|Publication number||US5470251 A|
|Application number||US 08/300,822|
|Publication date||Nov 28, 1995|
|Filing date||Sep 2, 1994|
|Priority date||Sep 24, 1993|
|Also published as||DE69422116D1, DE69422116T2, EP0645848A1, EP0645848B1|
|Publication number||08300822, 300822, US 5470251 A, US 5470251A, US-A-5470251, US5470251 A, US5470251A|
|Original Assignee||Molex Incorporated|
|Export Citation||BiBTeX, EndNote, RefMan|
|Patent Citations (12), Referenced by (24), Classifications (7), Legal Events (5)|
|External Links: USPTO, USPTO Assignment, Espacenet|
The present invention relates to an electrical connector assembly equipped with means for detecting the mating of its male and female housings.
Japanese Utility Model Application, Public Disclosure No. 5-8882 discloses an electrical connector assembly capable of detecting the mating of its male and female housings. The male housing includes a plurality of pin terminals and the female housing includes a plurality of receptacle terminals.
In this prior art connector the male and female housings are molded of a synthetic resin material, and each housing is composed of a main body and an associated separate cover. The main body of one of these housings has an integrally molded lever. The lever has contacts on its opposite arms, and when the male and female housings are mated, the contacts of the lever of the male (or female) housing engage the contacts provided on the surface of the female (or male) housing facing the male (or female) housing, thereby permitting an associated detector circuit to detect the mating of the male and female parts.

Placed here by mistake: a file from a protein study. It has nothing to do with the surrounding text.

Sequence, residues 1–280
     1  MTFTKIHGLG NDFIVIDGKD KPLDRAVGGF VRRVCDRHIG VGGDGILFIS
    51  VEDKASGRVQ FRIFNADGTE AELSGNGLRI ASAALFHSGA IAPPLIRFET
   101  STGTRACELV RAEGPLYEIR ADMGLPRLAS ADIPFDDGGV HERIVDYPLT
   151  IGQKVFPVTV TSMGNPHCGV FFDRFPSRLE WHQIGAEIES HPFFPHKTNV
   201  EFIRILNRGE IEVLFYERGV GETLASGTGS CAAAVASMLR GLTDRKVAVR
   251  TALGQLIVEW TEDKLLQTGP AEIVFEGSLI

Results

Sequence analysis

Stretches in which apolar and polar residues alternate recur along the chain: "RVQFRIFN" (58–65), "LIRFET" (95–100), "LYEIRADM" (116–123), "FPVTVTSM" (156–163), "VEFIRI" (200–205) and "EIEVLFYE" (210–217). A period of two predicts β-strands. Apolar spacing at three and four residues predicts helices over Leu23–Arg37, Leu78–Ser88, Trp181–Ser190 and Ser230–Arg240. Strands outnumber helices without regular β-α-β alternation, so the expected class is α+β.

This type of detecting arrangement is useful in detecting the mating of the male and female housings. It, however, requires the lever on the male (or female) housing and the associated contacts on the female (or male) housing for cooperating with lever's contacts to close an associated detector circuit, thereby detecting the mating of the male and female housings. A problem with such an arrangement is that the mechanical male-and-female mating action is effected separately from the electrical detection and an indication of the completed connection of the male and female housing is possible in spite of incomplete mating of the connector housings.
Furthermore, such a connector requires extra number of parts such as a lever and associated elements, thereby increasing the manufacturing cost.
One object of the present invention is to provide an electrical connector which is capable of detecting the mating of its male and female housings.
Another object of the present invention is to provide an electrical connector requiring minimum number of parts.